The New NIV and Women in the Church

The New American has a good article that deals with how the revised NIV (NIV 2011) has been received in scholarly circles. One group critical of the NIV 2011 is the Christians for Biblical Manhood and Womanhood (CBMW). The article observes that the Christians for Biblical Manhood and Womanhood has made several criticism of the gender inclusive language adopted by the revised NIV.

Below is an excerpt from the article:

One “significant problematic” issue the CBMW found in the NIV update was the translation committee’s decision to render 1 Timothy 2:12 to read that the apostle Paul did not permit a woman to “assume authority” over a man, rather than “have authority,” which it said was more true to the original Greek. While the translation committee explained that it had sought to retain an openness in translating such traditionally controversial passages so that either “egalitarian” or “complementarian” interpretations could be embraced, the CBMW critics charged that the change served instead to intentionally introduce “a crucial ambiguity that is not found in the original NIV.”

The Revised NIV has come under much criticism, not only because of the use of “generic plurals (them/they) in place of singular pronouns (him/he),” but also for adopting readings that do not reflect the Hebrew text. As I wrote before, I had some problems with the NIV, but it was better than the TNIV. So far, I have been disappointed with the NIV 2011, in the same way I was disappointed with the TNIV.

Claude Mariottini
Emeritus Professor of Old Testament
Northern Baptist Seminary

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4 Responses to The New NIV and Women in the Church

  1. Regan Stoops says:

    >Dr. Mariottini, as a long time NIV user, I was hoping the new translation would be a good one. And while I'm cool with the gender changes for the most part, I don't like hearing about the problems with Hebrew text as you mentioned. So just out of curiosity, what translation do you think is most accurate?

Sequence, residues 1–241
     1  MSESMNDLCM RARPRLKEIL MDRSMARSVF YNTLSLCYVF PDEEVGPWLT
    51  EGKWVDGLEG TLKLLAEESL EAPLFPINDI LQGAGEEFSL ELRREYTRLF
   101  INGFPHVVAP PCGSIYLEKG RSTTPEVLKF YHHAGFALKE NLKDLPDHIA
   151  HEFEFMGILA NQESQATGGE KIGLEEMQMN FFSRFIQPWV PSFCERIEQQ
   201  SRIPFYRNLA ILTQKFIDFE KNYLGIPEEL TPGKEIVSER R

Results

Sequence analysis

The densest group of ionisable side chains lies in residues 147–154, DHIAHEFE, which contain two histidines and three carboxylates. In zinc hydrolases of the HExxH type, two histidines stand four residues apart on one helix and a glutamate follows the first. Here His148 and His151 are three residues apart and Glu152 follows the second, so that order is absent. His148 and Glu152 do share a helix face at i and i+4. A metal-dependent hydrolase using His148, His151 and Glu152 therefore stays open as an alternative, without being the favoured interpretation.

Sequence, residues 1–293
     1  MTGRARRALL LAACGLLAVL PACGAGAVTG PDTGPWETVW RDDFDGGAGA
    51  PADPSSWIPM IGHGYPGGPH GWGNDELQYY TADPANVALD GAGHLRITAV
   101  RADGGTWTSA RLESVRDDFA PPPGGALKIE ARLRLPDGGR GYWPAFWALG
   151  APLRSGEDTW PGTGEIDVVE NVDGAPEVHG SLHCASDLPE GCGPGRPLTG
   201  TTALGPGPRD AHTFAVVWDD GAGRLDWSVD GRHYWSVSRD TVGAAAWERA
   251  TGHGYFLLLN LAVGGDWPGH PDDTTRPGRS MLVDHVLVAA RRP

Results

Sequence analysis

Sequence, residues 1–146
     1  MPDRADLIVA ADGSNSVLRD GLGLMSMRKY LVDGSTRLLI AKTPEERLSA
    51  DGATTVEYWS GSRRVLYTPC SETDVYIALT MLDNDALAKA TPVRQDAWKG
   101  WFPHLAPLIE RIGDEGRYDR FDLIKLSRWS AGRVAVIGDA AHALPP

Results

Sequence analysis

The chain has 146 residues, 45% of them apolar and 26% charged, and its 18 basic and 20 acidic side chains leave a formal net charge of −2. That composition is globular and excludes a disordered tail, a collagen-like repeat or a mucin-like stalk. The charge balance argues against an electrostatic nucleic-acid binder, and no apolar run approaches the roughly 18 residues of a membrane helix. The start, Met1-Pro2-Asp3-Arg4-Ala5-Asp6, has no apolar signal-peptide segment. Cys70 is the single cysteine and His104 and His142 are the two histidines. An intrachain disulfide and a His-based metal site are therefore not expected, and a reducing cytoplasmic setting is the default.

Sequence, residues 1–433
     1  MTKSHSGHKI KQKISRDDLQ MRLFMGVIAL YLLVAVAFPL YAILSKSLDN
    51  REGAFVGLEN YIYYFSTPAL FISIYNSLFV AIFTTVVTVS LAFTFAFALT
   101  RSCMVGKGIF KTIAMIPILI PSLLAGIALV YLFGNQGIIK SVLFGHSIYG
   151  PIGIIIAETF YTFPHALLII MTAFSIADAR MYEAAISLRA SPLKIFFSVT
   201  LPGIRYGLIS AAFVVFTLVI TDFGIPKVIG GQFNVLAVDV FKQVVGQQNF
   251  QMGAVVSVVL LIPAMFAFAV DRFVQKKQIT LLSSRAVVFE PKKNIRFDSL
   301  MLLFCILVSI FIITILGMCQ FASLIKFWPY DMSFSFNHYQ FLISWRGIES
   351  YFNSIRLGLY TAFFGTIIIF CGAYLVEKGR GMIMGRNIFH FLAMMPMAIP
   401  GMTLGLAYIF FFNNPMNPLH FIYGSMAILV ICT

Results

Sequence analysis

2. >Regan,It is difficult to select the best translation, because all of them have their strong points and all of them have their weaknesses. For the average lay person, the NIV is a good translation. Most translations today use some kind of inclusive language. I have used the old NIV in church, but I still need to do a detailed study of the NIV 2011.As a study Bible, I prefer the New Revised Standard Bible because I think it is more accurate. I still prefer the old RSV because it avoids gender inclusive language. This is the only way to know what the Hebrew and Greek say, not what the Hebrew means in a PC world.Claude Mariottini


  3. >I am a student of God's Word, in all of the available translations. I am in my 20's. All of my friends, co-workers, and relatives use the so-called "singular they" and "singular them". I have used it all my life. I and my friends grew up using this language. That is how this generation speaks English.Also, no one in my generation (at least none of my friends, relatives, or co-workers) uses the word "men" as a generic to refer to all people including women. We just simply do not use the generic "men" any longer.So, it is a very good thing that modern translations such as the new NIV (and the TNIV before it) stop using the generic "men" in 1 Timothy 2:5 and Luke 2:14.


  4. >Noble-Minded One,Thank you for your comment. I can live with inclusive language. I use it in all of my writings, in my teaching, and in my preaching. What I cannot accept is when the NIV changes the Hebrew text for doctrinal purpose or in order to hide a problem with the text.I hope you will read my post today on the Messianic promise of the Old Testament. Have a blessed Christmas and a happy New Year.


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